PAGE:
|The real Roystonia story
Thursday 20th May, 2004
The sales office of the Roystonia Development in Couva
North. Inset: A welcome sign to the development identifying the
parties involved in construction and finance.
Photo: Adrian Boodan
This week we take a necessary pause from
the Caroni series to look at some of the issues arising from the furore
over the Roystonia Development in Couva North.
The main events are summarised in the
sidebar as background to this article. We do not intend to pronounce on
the legal and political issues. Leave those to our political pundits and
It is our view that the scope of the
discussion thus far underlines our limitations when having public policy
disputes. Once again, we seem to be drawn to the question of the
legality of the contract and so on. It all seems a little distracting.
The issues of investment policy, risk and
returns are receiving scant attention. We will only make progress if
these are constructively and openly addressed. We will be making a start
It is our view that the legal issues are
subsidiary to the fundamentals of any deal. Businessmen make deals and
these are sometimes passed to lawyers for recording in contracts or
deeds. As interesting as the legal issues are, they merely outline the
underlying ethos of any arrangement.
We need to outline a series of measures
with which we can assess agreements of this type and the key questions
The investment policy of a properly run
company would include guidelines as to the risk levels and the
respective proportions of various investments. The approaches can be
illustrated as being either low-risk with relatively modest returns or
greater-risk with the possibility of greater returns. The correct
management of risk and return is critical to successful investment.
Of course the State has a role in
providing support in those areas which would not receive the desired
levels from the free market. Some examples would include the school
feeding programme, public health programmes, PTSC’s rural bus system and
so on. Point being that it is acceptable for taxpayers’ money to be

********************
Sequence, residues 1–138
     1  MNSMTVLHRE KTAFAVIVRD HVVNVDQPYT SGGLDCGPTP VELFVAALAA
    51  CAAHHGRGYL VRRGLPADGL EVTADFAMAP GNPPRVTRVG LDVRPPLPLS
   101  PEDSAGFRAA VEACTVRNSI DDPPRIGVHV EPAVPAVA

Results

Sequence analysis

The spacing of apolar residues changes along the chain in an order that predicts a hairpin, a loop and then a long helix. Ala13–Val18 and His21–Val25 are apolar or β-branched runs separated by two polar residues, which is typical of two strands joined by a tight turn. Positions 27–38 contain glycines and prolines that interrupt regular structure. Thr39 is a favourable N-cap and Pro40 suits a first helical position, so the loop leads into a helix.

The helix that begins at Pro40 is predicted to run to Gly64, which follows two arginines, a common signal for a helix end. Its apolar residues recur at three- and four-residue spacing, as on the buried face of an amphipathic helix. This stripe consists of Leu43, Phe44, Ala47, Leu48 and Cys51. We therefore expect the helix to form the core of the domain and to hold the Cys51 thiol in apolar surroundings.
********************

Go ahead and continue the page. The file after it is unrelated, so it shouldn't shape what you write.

invested if some critical need is being fulfilled. The public supports
these expenditures since they add to the common good.
The NHA seems to have made a significant
initial outlay and there now seems to be an issue of the profits from
the development being quite limited. The NHA seems to have made a risky
investment here. What private landowner would enter such a scheme? What
was the return to the public?
How much of our government’s housing
budget was consumed by the initial investment in this project? Earlier
research for this column show a government expenditure on housing in
1996 of $65million and we have heard the figure of $41million as the NHA
investment in infrastructure for this project. Was it policy to allocate
funds in this manner? Was there adequate oversight into construction
The essence of public policy formation
and administration revolves around the allocation of scarce resources to
achieve objectives. These scarce resources would include land, money
(via cash or tax breaks) or time; the desired outputs could be better
health, transportation or education services.
In this situation, a significant parcel
of publicly-owned land was developed; of course, there are differences
over the land area and its ownership. In addition, there seems to have
been a substantial investment of taxpayers’ money into infrastructure
for the development. Despite the emerging dispute, it seems that there
is some agreement on those broad facts.
The curious taxpayer is entitled to ask
certain questions: how did this deal satisfy the NHA’s objectives? How
many of the purchasers came off the NHA’s waiting list?
We have seen full-page advertisements
from the developers setting out their side of the story and amongst the
interesting details is the low return of “…less than seven per cent” on
their considerable investment.
Given that they too were investing money
— we are also told that they invested 50 per cent more than the NHA —
and therefore putting funds at risk, we are bound to also consider their
Secure investments, such as fixed
deposits, during the relevant period offered returns in the seven per
cent range. One can only wonder — what would have recommended this
scheme to such experienced construction professionals?
If their initial performance targets were
not satisfied by the sub-seven per cent returns, why keep on? As the
Minister has pointed out, they may have been able to close the company
to better invest their funds. Could we be dealing with businessmen who
are “giving something back?”
Whatever the impression given as to the
affordability of the Roystonia houses, it is fairly clear that they are
priced at market value.
Of course, the NHA’s role as investors in
housing requires consideration of their investment guidelines. If scarce
resources are to be allocated into housing projects, surely it is
reasonable to expect these projects to satisfy some policy objective. If
the funds are invested in a relatively risky scheme, it is entirely
reasonable to expect some urgent need to be satisfied. That is good
We need to move beyond the identity of
the parties. The NHA Board, the Ministers in question and the directors
of this construction company are all side issues. Did the NHA have any
such guidelines? If so, were these followed? If not, why not? Do we
intend to put any into place? How do we know that investments of this
type are not now being made by the various public bodies in the present
large-scale housing programme?
When we can shift focus to policy
formation and delivery we start to make some progress.
Next week, as promised previously, we
move onto the proposals for the Caroni lands.